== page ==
Healthy college students who have a relatively small inferior frontal cortex – a brain region behind the temples that helps regulate thoughts and emotions – are more likely than others to suffer from anxiety, a new study finds. They also tend to view neutral or even positive events in a negative light, researchers report.
The researchers evaluated 62 students, collecting brain structural data from neuroimaging scans and using standard questionnaires to determine their level of anxiety and predilection for negative bias.
Previous studies of people diagnosed with anxiety have found similar correlations between the size of the IFC and anxiety and negative bias, said U. of I. professor of psychology Sanda Dolcos, who led the study with graduate student Yifan Hu. But the new findings, reported in the journal Social Cognitive and Affective Neuroscience, are the first to see these same dynamics in healthy adults, the researchers said.
“You would expect these brain changes more in clinical populations where anxiety is very serious, but we are seeing differences even in the brains of healthy young adults,” Dolcos said.
The study also found that the relationship between the size of the IFC and a student’s negative bias was mediated by their level of anxiety.
“People who have smaller volumes have higher levels of anxiety; people who have larger IFCs tend to have lower levels of anxiety,” Dolcos said. And higher anxiety is associated with more negative bias, she said. “How we see this is that the higher volume of the IFC confers resilience.”
“We found that larger IFC volume is protecting against negative bias through lower levels of trait anxiety,” Hu said.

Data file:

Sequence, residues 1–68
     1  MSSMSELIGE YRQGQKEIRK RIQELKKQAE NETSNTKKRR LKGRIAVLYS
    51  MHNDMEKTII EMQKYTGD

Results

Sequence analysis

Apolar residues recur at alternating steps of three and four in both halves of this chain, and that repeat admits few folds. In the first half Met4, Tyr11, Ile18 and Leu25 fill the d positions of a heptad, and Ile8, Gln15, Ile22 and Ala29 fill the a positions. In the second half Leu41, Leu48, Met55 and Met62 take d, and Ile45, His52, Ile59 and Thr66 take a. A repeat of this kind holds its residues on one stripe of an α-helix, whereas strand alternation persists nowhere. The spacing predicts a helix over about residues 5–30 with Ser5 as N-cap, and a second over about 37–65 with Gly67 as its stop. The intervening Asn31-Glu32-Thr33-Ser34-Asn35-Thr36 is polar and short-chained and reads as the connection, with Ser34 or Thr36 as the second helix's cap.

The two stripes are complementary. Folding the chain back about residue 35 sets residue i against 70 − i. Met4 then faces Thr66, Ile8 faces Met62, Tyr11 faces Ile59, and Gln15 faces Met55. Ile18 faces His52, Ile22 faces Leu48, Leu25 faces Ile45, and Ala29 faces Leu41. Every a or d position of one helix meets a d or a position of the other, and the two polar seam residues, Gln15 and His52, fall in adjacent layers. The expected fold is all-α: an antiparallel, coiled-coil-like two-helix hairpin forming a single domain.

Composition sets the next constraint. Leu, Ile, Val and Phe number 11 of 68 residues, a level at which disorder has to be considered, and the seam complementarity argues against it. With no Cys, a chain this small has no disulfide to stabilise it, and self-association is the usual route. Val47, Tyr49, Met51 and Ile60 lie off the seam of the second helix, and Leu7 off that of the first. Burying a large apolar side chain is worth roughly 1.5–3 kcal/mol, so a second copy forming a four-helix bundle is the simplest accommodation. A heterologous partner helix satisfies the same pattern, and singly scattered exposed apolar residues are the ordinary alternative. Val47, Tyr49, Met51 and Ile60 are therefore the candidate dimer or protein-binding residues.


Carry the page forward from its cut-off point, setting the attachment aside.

According to the American College Health Association, anxiety is rampant on college campuses, where nearly 60 percent of students report at least one troubling bout of anxious worry every year.
“There is a very high level of anxiety in the student population, and this is affecting their life, their academic performance, everything,” Dolcos said. “We are interested in identifying what is going on and preventing them from moving to the next level and developing clinical anxiety.”
Anxiety can interfere with many dimensions of life, causing a person to be on high alert for potential problems even under the best of circumstances, Hu said. Negative bias also can interfere with a person’s commitment to activities that might further their life goals, she said.
Understanding the interrelatedness of brain structure, function and personality traits such as anxiety and their behavioral effects such as negative bias will help scientists develop interventions to target specific brain regions in healthy populations, Hu said.
“We hope to be able to train the brain to function better,” she said. “That way, we might prevent these at-risk people from moving on to more severe anxiety.”